“A girl should be two things: classy and fabulous” – Coco
Thanks, Coco, for that inspiring bit of wisdom. I want to have a chat about femininity and its place in my life and the struggles it has invited and the joys it has delivered.
The thought about femininity struck me as I was painting my nails a beautiful shade of turquoise and mulling over the concept of myths in relation to feminism. No doubt, these ideologies have stumped many a woman the world over, but indulge me for just a bit while I have a rant about how “femininity” (because scare quotes are actually really needed here, and I’ll explain why in just a sec) has impacted my life (how very out-of-the-ordinary of me, I know!).
So basically, “femininity” is a social construct, put in place yonks ago by someone random (I’m sure I could research this and find plenty of fun facts that probably relate back to religion, but whatever) and since then, it has bewildered, frustrated, and delighted the masses. The ideology goes something like this:
Girls/femininity = PINK!!!, sugar, dresses, make-up, softness, silence, grace, beauty, infantilisation, shallowness et cetera
Boys/masculinity = BLUE!!!, getting dirty, trucks and soldiers, boldness, loudness, action, effortlessness et cetera
Obviously these ideologies are way more complex, but I’ve just simplified that because it’s almost 11 PM on a Monday night and I couldn’t be arsed to write anything eloquently. Heaps more have just popped into my mind, but I’m sure you get the drift. The whole thing is bullshit. Now, let me get reflective here. I am the first-born girl in my family; I have two younger sisters. Being the typical “first girl”, I got dressed entirely in pink and ribbons and adornments, essentially rendering me a glorified marshmallow for the first five years of my life. This isn’t really anyone’s fault in particular. This is just how ideologies work in our society (see: Girls/femininity = PINK!!!). I’m sure I wore shorts from time to time, and obviously must have worn different colours, but the majority of photos show me dressed in something classy and fabulous and behaving very well indeed. A lot of that has to do with my mother raising me with civility and manners (something that every child should be raised with, just FYI), but I wonder if I would have been allowed to go outside and get dirty more often had I been born a male? If screaming fits and temper tantrums would have been received with obvious frustration, but also an underlying sense of pride at baby boy’s strong voice and rambunctiousness, instead of the scorn at wee little girl’s spoilt brat antics?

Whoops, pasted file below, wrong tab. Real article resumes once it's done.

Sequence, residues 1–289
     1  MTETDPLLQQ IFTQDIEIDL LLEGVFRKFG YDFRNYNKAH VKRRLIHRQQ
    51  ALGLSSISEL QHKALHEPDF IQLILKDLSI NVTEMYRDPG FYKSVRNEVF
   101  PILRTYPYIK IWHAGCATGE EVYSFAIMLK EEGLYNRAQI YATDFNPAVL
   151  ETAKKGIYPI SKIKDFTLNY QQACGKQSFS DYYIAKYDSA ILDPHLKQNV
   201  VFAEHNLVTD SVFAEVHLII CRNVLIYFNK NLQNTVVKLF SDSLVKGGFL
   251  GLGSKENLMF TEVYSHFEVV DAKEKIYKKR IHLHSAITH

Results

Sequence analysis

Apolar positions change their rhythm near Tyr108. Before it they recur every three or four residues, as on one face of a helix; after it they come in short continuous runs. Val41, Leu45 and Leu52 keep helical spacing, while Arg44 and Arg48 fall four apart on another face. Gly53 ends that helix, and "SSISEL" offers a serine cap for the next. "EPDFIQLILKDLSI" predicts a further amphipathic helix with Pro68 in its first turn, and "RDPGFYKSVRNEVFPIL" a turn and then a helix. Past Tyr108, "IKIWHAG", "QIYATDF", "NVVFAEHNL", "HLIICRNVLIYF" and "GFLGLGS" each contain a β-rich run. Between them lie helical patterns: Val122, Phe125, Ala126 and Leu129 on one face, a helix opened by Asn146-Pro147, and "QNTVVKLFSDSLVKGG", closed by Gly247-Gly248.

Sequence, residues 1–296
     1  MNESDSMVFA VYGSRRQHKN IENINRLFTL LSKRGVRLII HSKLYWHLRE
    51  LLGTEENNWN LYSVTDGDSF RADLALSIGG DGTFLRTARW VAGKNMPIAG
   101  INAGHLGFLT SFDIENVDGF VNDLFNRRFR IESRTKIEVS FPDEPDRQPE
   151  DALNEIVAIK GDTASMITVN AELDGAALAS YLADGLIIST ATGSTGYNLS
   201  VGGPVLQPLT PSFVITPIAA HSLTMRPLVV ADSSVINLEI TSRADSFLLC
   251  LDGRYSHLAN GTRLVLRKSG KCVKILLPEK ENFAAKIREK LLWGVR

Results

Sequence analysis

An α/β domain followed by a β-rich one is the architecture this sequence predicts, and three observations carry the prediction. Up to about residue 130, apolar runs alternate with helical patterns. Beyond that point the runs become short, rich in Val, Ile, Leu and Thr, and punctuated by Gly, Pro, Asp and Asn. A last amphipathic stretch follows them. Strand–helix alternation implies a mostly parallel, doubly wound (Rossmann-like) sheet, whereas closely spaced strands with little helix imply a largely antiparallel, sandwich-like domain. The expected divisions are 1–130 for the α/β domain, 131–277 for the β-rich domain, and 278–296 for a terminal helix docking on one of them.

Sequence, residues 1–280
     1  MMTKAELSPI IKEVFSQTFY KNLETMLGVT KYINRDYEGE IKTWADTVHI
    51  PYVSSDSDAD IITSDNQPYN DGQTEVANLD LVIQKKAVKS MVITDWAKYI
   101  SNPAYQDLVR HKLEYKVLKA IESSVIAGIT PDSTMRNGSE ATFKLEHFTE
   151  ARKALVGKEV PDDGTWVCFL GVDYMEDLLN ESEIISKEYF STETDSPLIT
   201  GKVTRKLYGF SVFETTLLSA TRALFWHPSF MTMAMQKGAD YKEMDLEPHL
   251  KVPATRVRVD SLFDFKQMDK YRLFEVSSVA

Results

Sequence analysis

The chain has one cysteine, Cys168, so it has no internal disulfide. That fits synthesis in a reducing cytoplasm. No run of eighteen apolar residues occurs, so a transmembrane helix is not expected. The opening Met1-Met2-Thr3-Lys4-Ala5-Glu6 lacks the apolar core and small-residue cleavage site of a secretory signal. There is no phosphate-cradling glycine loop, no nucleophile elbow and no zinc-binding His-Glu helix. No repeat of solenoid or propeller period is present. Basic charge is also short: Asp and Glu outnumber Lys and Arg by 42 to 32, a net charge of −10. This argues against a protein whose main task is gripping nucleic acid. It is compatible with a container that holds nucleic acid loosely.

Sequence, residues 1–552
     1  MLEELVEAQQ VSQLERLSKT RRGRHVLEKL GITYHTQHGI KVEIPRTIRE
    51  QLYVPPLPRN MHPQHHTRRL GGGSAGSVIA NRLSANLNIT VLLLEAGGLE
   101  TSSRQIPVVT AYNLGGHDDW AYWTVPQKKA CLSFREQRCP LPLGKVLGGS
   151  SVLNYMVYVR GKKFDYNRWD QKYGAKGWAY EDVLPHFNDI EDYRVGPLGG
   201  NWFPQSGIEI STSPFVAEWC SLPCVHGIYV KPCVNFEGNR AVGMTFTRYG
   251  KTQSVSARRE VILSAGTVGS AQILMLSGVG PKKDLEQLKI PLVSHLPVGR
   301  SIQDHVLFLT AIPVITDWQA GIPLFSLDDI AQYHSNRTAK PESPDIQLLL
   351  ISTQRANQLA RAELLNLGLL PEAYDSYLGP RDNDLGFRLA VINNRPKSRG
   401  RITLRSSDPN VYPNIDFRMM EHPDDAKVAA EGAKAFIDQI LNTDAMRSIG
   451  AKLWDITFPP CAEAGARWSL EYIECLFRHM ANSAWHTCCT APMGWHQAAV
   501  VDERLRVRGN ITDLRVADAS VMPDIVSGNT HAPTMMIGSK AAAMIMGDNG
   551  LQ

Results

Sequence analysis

My sisters did not receive such stark femininity thrust upon them. My middle sister was paraded in purple, always mischievous and up to no good, which was a delight to many (and still is). The boxes were slowly being ticked off: my parents had the proper, bookworm, princess, as well as the witty, adorable, mischief-maker. And then along comes my youngest sister. Who was, for some unknown reason, dressed in blue and given relatively gender-neutral toys to play with. Was this because my parents understood that Girls/femininity = PINK!!! was utter bullshit? Or was it just because they had exhausted all of their preconceived notions of what being a girl was all about on the first two? Regardless, my youngest sister was always more action-packed, dirty, unruly, and just plain boy-ish as a child — the complete opposite of what I was like.